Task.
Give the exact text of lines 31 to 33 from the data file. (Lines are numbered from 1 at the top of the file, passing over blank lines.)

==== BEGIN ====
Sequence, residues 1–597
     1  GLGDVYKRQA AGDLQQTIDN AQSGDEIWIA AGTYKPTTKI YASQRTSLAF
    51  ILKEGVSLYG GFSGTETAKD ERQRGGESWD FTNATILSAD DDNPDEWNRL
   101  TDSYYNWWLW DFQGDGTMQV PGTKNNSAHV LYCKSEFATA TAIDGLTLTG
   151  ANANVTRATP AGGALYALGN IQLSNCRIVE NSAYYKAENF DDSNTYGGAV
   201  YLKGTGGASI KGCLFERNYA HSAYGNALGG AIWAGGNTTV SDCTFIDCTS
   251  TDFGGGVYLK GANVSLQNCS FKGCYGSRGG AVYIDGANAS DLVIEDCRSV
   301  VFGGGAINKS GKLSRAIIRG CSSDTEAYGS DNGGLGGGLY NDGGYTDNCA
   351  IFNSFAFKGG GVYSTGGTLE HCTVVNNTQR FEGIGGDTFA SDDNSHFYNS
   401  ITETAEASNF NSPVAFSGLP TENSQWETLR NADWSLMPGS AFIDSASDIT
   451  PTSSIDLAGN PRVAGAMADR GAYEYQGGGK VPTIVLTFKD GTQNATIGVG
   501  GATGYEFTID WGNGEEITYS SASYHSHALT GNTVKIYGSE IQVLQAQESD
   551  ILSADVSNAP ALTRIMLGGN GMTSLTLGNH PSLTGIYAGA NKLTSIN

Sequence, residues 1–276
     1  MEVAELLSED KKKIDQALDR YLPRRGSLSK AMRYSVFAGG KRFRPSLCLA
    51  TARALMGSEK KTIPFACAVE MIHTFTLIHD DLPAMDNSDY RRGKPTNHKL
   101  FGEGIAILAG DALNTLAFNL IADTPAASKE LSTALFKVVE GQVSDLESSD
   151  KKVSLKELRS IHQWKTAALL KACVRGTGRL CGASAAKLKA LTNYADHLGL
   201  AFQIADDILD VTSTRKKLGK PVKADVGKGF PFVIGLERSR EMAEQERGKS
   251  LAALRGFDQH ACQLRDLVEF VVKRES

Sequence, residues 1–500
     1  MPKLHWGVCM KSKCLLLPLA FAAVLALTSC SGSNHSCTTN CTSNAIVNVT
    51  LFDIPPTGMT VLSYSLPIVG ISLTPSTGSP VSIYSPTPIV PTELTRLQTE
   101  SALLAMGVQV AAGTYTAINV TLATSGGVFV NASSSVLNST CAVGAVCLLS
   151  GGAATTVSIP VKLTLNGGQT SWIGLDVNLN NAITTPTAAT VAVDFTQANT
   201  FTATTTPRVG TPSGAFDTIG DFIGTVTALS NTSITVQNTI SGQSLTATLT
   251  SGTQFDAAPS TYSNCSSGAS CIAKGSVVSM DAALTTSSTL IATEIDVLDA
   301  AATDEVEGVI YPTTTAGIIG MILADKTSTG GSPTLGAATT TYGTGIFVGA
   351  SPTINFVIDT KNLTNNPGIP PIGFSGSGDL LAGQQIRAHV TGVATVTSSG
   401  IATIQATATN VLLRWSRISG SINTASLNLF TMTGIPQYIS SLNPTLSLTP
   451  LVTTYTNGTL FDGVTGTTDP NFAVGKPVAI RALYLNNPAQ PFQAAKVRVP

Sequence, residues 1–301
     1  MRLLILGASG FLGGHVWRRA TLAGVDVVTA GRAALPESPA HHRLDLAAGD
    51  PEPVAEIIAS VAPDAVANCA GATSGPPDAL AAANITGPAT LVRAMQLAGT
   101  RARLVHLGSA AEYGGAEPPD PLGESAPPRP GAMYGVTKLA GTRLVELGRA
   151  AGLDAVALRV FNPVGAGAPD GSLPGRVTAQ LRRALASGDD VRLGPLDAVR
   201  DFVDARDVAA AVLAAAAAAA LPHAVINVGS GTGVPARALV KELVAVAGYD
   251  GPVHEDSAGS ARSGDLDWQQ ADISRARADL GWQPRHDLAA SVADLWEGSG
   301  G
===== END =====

   451  LVTTYTNGTL FDGVTGTTDP NFAVGKPVAI RALYLNNPAQ PFQAAKVRVP

Sequence, residues 1–301
     1  MRLLILGASG FLGGHVWRRA TLAGVDVVTA GRAALPESPA HHRLDLAAGD